A family of four (a foreign service officer, a spouse, a three year old and a chocolate lab) adjusting to life in the U.S. Foreign Service. We have been at our first post, in Kolkata, India, since the summer of 2008.
Saturday, August 29, 2009
Tour of Kumartuli with Calcutta Walks
We had a wonderful tour with Calcutta Walks again this morning. We started out at the Hooghly River watching the wrestlers on the river bank and seeing people doing their morning rituals. The mighty Howrah bridge in the background is where millions of cars and people cross everyday. At 6:30 on a Saturday it was full of pedestrians, families in carts, men pushing carts with goods, cars, trucks and buses.
We then strolled through the flower market. This picture is of marigold sellers. We learned that the marigold holds a special place in Hinduism, since flowers represent a blessing from a god and the marigold is believed to be 10 flowers in one.
Here was a cow that was just moving along in the pedestrian flow, like she has done many times before.
We went to visit a crematorium (just the outside!) and this was one of the many stores catering to the grieving. It is a photo studio were one can have a picture of the deceased made.
A lot of the laborers in Kolkata come from a Bihar, one of the poorest states in India that is also close to Kolkata. This photo is of a food vendor that specializes in the food from Bihar. There are grilled chick pea balls stuffed with spices on the grill. I loved his set-up. It looks like he took the clay from the river and made himself a very modern-looking shop.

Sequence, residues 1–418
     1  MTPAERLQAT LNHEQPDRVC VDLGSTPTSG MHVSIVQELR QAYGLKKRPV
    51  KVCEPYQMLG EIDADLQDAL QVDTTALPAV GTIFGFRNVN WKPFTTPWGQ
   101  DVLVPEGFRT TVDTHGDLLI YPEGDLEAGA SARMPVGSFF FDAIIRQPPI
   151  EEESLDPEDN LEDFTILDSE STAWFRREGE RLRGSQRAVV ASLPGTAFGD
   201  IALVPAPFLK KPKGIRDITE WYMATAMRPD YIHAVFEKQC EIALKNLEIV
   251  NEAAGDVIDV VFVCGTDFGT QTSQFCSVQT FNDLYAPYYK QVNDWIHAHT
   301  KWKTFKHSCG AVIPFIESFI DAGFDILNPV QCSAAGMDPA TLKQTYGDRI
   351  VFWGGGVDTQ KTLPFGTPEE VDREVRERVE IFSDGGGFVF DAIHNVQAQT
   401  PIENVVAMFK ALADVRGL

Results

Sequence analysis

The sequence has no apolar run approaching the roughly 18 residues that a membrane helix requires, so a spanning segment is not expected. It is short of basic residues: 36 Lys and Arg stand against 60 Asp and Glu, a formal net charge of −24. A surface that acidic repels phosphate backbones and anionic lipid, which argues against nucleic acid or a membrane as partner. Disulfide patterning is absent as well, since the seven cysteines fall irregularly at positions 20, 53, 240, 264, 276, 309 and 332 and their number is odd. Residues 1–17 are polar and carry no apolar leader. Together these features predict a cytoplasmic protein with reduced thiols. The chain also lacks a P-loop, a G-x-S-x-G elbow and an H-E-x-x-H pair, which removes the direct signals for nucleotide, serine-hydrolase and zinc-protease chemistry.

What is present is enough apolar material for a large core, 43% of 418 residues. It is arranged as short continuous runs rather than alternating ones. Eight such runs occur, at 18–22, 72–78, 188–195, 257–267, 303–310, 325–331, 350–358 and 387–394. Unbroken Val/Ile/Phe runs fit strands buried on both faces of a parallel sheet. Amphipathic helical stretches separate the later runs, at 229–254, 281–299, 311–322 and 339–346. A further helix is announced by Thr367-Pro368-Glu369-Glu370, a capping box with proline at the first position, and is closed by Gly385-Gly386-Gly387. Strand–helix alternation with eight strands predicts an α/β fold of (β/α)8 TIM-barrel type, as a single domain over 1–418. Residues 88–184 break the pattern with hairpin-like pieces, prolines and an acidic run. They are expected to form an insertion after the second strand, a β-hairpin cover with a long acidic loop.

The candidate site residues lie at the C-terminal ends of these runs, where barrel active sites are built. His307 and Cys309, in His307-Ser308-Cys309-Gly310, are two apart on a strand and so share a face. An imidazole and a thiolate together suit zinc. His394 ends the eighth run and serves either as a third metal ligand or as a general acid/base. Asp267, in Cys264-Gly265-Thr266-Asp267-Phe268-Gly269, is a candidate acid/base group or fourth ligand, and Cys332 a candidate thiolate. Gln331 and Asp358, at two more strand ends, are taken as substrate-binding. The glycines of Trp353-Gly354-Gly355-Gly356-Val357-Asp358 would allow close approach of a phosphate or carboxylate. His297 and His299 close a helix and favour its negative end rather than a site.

Kumartuli is a section of North Kolkata that is home to the many artisans that made idols, mostly for the very popular Durga Puja festival, which we attended last October. The idols are made from a foundation of straw, covered and sculpted with clay from the river, painted and then dressed with clothes and ornaments. Most of the idols we saw were ready for painting and dressing since Durga Puja is less than a month away.
This photo is of an artist's studio floor.
Ifte told us of the history of Durga Puja, how the celebration really became a major one during the nationalism movement, since leaders saw it and other popular festivals throughout India as a way to demonstrate national pride and rally people together. Today over 200,000 people come to Kolkata to join the 13 million locals in the celebration. Take a look at some of our posts from last October to get a feel for the finished idols: At the Height of the Puja Season, A Pandal of Generosity, More Puja Photos, Durga Drums and Closing the Puja Season.
On our walk we ran into this building being demolished, Kolkata style.
No better way to end the walk that we incredible Bengali sweets. If I hadn't eaten a bagel for breakfast I would have consumed so much more.
Thanks, Ifte. If you are in Kolkata look them up or check out the new walking tours of India portal they are leading at walksofindia.com.
Related Post: Saturday Morning with Calcutta Walks
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Thanks Natalie for all the compliments! Great writeup.
Will come soon to discuss Walks Of India with you.
I have started liking your blog and added it to my favourite at sourabhdg.blogspot.com. I am in the process of compiling the blog.
Pictures are nice and nice perspective.
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